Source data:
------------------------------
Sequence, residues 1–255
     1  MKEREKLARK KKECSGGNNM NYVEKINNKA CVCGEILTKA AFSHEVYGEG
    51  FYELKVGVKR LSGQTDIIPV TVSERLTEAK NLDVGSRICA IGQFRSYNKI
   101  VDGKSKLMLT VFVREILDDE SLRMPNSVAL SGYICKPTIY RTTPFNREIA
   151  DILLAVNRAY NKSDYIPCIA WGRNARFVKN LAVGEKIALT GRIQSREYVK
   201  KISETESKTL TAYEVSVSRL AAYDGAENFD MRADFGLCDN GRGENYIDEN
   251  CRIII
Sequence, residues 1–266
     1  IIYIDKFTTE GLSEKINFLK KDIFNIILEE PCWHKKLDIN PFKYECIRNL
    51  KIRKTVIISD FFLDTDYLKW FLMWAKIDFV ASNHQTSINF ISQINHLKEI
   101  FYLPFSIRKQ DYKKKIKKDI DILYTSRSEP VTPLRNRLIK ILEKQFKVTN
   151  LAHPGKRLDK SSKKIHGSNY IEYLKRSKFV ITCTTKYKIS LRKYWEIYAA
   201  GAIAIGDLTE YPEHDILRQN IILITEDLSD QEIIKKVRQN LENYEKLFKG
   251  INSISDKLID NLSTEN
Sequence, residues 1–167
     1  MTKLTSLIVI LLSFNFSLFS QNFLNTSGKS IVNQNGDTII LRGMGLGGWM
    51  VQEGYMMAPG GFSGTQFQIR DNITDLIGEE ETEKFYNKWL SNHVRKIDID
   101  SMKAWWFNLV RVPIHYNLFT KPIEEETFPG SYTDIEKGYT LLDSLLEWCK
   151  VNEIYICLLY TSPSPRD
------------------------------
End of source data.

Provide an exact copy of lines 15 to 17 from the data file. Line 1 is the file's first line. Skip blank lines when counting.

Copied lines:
Sequence, residues 1–167
     1  MTKLTSLIVI LLSFNFSLFS QNFLNTSGKS IVNQNGDTII LRGMGLGGWM
    51  VQEGYMMAPG GFSGTQFQIR DNITDLIGEE ETEKFYNKWL SNHVRKIDID